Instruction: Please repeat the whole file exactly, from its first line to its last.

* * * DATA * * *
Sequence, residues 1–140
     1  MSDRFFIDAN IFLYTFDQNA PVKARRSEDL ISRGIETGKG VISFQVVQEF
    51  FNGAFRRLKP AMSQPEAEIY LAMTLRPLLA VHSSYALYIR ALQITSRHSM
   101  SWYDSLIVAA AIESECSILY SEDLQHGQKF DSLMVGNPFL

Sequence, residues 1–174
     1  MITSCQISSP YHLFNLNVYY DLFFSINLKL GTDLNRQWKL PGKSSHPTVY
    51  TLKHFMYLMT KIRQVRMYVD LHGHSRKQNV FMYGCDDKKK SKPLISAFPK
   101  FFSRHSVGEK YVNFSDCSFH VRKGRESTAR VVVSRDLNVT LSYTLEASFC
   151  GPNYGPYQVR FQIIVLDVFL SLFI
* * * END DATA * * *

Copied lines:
Sequence, residues 1–140
     1  MSDRFFIDAN IFLYTFDQNA PVKARRSEDL ISRGIETGKG VISFQVVQEF
    51  FNGAFRRLKP AMSQPEAEIY LAMTLRPLLA VHSSYALYIR ALQITSRHSM
   101  SWYDSLIVAA AIESECSILY SEDLQHGQKF DSLMVGNPFL

Sequence, residues 1–174
     1  MITSCQISSP YHLFNLNVYY DLFFSINLKL GTDLNRQWKL PGKSSHPTVY
    51  TLKHFMYLMT KIRQVRMYVD LHGHSRKQNV FMYGCDDKKK SKPLISAFPK
   101  FFSRHSVGEK YVNFSDCSFH VRKGRESTAR VVVSRDLNVT LSYTLEASFC
   151  GPNYGPYQVR FQIIVLDVFL SLFI